As the Fourth of July holiday approaches, Michigan state authorities are asking the public to slow down and be extra cautious on the roadways.
Crashes, fatalities, and injuries are all up across the state.
Michael Felton was just in a car crash last weekend. His 2016 Ford Fusion was transformed into a heap of mangled metal.
“Everybody who witnessed it and was in the accident were surprised that the people in the white car made it,” Felton said.
Those people in the white car were Felton and his wife Jessica. Felton says he and his wife had been waiting at the stop light on Fort Street near Baumey Avenue when they say a truck rear-ended them and smashed through the back of their car.
They are fortunately home now, but it doesn’t mean the road ahead will be easy, especially for Jessica.
“She has three broken ribs, her back is messed up, she can’t get up by herself,” Felton explained.
That white car was the only car they had to get to and from work. It is now totaled, but the family is focusing on the silver linings.
The Feltons’ experience is not an outlier. There have been a string of high-profile crashes in metro Detroit recently, like the one that shut down westbound I-696 for hours June 23. A semi plowed into the back of a car near Orchard Lake Road, killing the car’s two passengers.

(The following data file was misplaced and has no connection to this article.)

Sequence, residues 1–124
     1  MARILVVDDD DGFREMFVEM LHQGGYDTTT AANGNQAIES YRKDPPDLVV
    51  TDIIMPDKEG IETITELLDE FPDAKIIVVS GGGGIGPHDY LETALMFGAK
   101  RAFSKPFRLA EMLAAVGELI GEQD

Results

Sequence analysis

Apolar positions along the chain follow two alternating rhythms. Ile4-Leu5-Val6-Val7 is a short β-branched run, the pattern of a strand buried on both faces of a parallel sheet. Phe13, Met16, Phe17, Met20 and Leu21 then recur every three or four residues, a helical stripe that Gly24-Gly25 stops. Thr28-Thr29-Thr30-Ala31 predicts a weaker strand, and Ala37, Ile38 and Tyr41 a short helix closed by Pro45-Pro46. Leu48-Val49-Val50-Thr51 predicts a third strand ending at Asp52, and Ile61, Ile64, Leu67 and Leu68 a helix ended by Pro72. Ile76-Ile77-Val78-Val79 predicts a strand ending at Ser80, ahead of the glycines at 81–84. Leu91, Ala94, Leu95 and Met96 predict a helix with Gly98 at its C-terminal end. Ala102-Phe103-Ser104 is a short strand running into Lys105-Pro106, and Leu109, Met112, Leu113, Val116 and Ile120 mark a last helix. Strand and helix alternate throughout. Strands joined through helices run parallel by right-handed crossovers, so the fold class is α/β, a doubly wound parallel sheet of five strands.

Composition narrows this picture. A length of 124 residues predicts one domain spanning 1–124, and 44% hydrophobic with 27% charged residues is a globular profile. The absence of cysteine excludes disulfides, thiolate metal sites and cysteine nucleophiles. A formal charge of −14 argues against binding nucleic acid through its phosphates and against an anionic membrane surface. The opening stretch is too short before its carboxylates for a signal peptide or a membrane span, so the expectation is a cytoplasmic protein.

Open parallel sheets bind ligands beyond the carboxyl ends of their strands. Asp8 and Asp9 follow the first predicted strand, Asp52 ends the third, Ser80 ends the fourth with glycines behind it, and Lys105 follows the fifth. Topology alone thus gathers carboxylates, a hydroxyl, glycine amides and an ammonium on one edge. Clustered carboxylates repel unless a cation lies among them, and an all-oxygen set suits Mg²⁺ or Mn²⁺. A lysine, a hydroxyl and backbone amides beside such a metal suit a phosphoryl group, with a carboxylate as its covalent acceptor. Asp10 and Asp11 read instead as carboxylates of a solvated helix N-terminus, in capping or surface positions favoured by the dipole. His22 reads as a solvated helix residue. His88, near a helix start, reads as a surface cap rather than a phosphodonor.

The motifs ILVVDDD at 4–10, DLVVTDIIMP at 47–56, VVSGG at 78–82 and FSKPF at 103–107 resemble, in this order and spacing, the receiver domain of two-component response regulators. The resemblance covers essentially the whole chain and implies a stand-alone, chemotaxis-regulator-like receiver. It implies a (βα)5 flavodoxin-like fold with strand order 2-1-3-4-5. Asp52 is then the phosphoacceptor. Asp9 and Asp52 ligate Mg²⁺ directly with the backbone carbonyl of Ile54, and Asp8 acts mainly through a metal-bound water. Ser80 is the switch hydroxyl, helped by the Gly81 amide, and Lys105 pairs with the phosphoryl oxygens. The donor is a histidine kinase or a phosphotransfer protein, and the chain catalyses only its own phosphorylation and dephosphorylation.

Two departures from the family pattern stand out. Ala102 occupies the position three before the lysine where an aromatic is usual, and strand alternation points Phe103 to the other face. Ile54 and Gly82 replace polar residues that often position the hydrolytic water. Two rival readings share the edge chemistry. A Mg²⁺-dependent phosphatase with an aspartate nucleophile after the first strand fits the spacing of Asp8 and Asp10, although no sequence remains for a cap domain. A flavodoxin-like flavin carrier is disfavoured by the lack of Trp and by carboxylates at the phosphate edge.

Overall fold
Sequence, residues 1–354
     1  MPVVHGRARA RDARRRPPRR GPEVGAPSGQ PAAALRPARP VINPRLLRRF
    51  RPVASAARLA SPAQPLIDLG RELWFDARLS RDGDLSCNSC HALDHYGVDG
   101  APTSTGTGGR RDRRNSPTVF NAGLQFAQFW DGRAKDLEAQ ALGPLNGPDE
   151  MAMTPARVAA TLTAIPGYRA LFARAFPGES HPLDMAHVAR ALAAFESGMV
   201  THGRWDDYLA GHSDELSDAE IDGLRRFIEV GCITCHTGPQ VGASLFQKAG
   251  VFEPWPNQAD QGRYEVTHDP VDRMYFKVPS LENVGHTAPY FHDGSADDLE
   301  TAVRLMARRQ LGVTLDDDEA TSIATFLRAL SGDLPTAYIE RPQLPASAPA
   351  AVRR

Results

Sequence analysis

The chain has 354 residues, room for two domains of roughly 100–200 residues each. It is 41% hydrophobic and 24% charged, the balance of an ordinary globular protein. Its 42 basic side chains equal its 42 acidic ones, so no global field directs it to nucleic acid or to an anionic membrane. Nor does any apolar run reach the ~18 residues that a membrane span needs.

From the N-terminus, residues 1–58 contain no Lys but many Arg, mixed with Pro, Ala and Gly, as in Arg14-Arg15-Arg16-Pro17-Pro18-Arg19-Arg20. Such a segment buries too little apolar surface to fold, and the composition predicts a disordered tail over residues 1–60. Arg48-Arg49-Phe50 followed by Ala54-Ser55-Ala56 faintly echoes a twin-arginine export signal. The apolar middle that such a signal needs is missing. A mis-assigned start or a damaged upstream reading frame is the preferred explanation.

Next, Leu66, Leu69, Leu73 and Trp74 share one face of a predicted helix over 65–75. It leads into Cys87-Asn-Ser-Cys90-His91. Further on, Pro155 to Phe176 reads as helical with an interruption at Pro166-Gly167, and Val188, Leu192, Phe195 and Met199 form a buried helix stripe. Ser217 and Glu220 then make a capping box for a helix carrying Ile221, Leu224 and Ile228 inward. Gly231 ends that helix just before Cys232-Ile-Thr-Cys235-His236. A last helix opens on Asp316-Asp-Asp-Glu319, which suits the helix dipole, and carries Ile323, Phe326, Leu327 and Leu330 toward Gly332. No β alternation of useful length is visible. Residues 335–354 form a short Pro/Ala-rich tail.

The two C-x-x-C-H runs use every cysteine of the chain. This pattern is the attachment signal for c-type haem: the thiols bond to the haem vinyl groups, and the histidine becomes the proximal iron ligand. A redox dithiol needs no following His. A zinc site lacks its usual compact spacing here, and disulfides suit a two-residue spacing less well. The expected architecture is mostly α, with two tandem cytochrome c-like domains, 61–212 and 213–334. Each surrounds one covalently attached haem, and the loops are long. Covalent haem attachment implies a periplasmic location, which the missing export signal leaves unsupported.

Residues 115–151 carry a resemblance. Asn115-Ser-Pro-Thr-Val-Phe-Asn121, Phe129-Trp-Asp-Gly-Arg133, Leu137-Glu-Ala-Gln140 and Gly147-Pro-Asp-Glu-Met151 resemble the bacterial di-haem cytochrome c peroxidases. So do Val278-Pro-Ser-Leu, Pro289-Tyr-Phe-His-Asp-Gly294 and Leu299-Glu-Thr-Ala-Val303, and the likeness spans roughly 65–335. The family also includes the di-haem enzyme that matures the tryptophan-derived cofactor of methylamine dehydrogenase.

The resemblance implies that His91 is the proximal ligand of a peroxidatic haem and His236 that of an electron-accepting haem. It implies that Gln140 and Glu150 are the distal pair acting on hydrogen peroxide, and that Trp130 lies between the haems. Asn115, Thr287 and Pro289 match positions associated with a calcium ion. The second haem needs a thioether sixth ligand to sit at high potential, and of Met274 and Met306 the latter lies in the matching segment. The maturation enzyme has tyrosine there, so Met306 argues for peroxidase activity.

Kendall Wingrove, communications manager with the Michigan Office of Highway Safety Planning, says fatal crashes have been on the rise.
“Unfortunately, traffic fatalities have been on the rise. We recently released our statistics for the year 2021 and it’s the highest rate of Michigan traffic fatalities since 2005,” Wingrove explained.
In 2020, there were 1,083 traffic fatalities in Michigan. In 2021, there were 1,129, an increase of 4%. Unfortunately, that wasn’t the only traffic statistic where the state saw an increase. Traffic crashes were up 15% from 2020 to 2021 and injuries were up 17%.
Wingrove admits there isn’t one clear cause for the increase.
Lt. Michael Shaw with the Michigan State Police isn’t mincing words when it comes to what he’s seeing on the streets.
“1,100 people who could be with their family aren’t there anymore because of actions that drivers are taking,” Shaw said.
He says there are more factors at play then there used to be on the roads.
“We used to call it the big three. I call it the big five now,” Shaw explained.
He said the main causes are:
- Excessive speed
- Following too closely, especially in construction zones
- Distracted driving — people texting, face timing and even watching movies
- Impaired driving — people under the influence of alcohol or drugs
- People not wearing seat belts.
Shaw said people need to wake up and alter their actions behind the wheel.
“Eventually, the driver’s going to have to to understand that they have to stop doing these behaviors or they’re going to kill somebody,” Shaw said.
Michael Felton has some advice for drivers.
“No matter if you’re a good driver or not, there’s no telling how that driver is in that other car. So you don’t just watch yourself, you got to watch everything around you. The road is a dangerous place,” Felton said.